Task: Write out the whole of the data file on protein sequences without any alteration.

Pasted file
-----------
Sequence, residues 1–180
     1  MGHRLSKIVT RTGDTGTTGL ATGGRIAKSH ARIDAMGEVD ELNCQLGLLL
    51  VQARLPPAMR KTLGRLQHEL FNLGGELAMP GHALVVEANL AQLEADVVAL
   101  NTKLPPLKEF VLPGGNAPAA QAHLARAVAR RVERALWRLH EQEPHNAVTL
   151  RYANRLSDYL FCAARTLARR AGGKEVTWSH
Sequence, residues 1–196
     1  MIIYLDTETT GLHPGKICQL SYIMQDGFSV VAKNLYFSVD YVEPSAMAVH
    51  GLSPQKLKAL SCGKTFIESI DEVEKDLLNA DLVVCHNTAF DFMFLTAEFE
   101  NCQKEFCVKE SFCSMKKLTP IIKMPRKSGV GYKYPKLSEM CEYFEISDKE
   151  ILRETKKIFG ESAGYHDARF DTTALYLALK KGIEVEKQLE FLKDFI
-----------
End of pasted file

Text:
Sequence, residues 1–180
     1  MGHRLSKIVT RTGDTGTTGL ATGGRIAKSH ARIDAMGEVD ELNCQLGLLL
    51  VQARLPPAMR KTLGRLQHEL FNLGGELAMP GHALVVEANL AQLEADVVAL
   101  NTKLPPLKEF VLPGGNAPAA QAHLARAVAR RVERALWRLH EQEPHNAVTL
   151  RYANRLSDYL FCAARTLARR AGGKEVTWSH
Sequence, residues 1–196
     1  MIIYLDTETT GLHPGKICQL SYIMQDGFSV VAKNLYFSVD YVEPSAMAVH
    51  GLSPQKLKAL SCGKTFIESI DEVEKDLLNA DLVVCHNTAF DFMFLTAEFE
   101  NCQKEFCVKE SFCSMKKLTP IIKMPRKSGV GYKYPKLSEM CEYFEISDKE
   151  ILRETKKIFG ESAGYHDARF DTTALYLALK KGIEVEKQLE FLKDFI